Twenty-two years ago, for Christmas, I got this:

You can see it hasn’t been used. I’ve been doing little watercolor painting/drawings and last night I thought, “It’s time.”

Whether I’m actively making art or not, I think of art supplies as “real wealth.” That’s an idea I got from Alan Watts during an ethics class in college. He made the distinction between symbolic and real wealth. Real wealth is things you have and can use. They don’t lose value. Symbolic wealth (money), on the other hand, is tied to purchasing power and CAN lose value. Of the two, Watts insisted, REAL wealth is more important. It was his argument against debt and in favor of frugality and minimalism.

When I got my Christmas present from my Swiss family ($200 CHF) my friend and I walked down to Jelmoli, a beautiful department store then in Glattzentrum in Wallisellen, a suburb of Zürich, where they lived, and bought this set of pencils.

It was too precious and too beautiful to dip into. That’s kind of absurd because I’ve been using and re-stocking a 40 pencil set for nearly 30 years. It’s real pencils and no different from what I’ve been using, but all this time it’s represented magical potential.

Anyway, I’m going to start using them on the little consequenceless watercolors I’m doing.

26 thoughts on “Color

  1. You have a gift that I do not have, drawing and painting. Mr. Swiss is also quite good. I love your paintings very much. And of course a wonderful set of Aquarelle pencils (of course , they are Swiss).

  2. Wow! You have no idea how much Alan Watts’ comment about symbolic vs. real wealth plays into a struggle I’ve been working through over the last several months! There are other factors at play, of course, but that idea could be the key to a solid decision! Thank you!!!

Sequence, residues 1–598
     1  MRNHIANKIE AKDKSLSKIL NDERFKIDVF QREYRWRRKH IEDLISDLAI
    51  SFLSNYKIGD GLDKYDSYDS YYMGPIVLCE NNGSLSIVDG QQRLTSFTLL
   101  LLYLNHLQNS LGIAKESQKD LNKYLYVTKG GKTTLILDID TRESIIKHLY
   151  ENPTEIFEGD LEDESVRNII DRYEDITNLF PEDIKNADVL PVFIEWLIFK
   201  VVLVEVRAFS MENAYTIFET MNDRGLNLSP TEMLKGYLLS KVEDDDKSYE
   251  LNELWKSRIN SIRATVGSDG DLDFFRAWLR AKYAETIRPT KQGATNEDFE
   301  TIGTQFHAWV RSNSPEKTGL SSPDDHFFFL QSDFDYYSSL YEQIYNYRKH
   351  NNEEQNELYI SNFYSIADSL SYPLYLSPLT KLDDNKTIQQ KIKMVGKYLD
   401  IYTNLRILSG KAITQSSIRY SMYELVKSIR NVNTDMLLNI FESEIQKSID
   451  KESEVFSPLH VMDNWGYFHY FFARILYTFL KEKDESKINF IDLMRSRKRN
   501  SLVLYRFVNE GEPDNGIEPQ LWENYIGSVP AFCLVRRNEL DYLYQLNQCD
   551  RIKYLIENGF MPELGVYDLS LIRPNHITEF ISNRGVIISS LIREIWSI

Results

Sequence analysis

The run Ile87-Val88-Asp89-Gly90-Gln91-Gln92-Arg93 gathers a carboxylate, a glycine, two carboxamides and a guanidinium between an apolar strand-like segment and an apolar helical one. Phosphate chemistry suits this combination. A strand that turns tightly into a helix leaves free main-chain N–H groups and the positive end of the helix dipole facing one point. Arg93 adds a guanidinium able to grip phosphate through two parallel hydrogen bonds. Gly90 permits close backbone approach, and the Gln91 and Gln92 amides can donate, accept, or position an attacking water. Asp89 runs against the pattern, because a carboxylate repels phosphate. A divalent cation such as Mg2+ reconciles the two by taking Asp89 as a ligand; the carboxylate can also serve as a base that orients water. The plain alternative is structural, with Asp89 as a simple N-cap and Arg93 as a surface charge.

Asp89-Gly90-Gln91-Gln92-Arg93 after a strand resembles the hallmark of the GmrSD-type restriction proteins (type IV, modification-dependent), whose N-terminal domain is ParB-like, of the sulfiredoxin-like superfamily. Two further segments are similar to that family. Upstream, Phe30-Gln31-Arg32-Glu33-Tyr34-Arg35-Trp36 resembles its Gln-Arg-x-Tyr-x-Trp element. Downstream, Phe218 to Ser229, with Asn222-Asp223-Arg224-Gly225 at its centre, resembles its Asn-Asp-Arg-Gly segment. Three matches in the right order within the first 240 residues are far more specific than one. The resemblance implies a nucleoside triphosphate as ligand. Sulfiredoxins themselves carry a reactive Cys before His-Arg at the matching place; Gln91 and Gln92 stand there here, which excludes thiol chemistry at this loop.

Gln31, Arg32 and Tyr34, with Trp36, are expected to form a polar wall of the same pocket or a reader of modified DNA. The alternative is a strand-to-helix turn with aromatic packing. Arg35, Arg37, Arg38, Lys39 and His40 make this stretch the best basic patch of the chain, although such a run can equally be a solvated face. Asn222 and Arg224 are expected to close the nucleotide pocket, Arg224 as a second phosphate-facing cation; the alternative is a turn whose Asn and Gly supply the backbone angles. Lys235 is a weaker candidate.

• Rightfully so! I think I’ve internalized the distinction between cost and value, but had not thought of cost as symbolic Unfortunately, the other factors are unknowns, and that complicates matters, but you’ve added a new focus to my thoughts!

        • I think for Watts, cost is symbolic because it fluctuates but wealth, like my pencils, might wear down but will always be what it is. And it’s only 2 or 3 bucks to replace a pencil AND they a super concentrated watercolors so there’s value. 🙂

  3. I do the same with certain of my yarns, like the mohair etc. Silly really..but I like how you put it “magical potential”

  4. I do the same thing, Martha. Treasure something meant to be used too much to use it. Trying to get better at it because I can’t take them with me. Can’t wait to see what you create with your colors!

    • I’ve started using them, Shannon. Two pieces so far. It’s really different having 80 colors to work with. I even love the names on the pencils (ochre lumiere ❤ ) When I paint with oils I mix everything myself, so this is a new challenge, too. I'm glad I waited to open these to use. This was the exact right time!

      • Did you already share one? It seemed familiar like I had seen one already? Not doing a very good job of keeping up these days. I always loved oil pastels, using my fingers to smear the color across the paper and pencils for the soft sound it made while shading in. Paying attention to detail, I suppose. 🙂

        • The of the freezing river (yesterday) is the first one. I posted it here and on FB. I did one today of crabapples. It’s on Facebook.

          I am not doing well keeping up, either. I got Nordic skis, I’ve been writing about China and drawing/painting. I just read your “Sound of Snow.” I loved it.

  5. I love your drawing – it fits you (and me) perfectly. I also love “real wealth”. My art, writing, dogs, nature, and family give a wealth that money could never buy. What a special and meaningful article, Martha!

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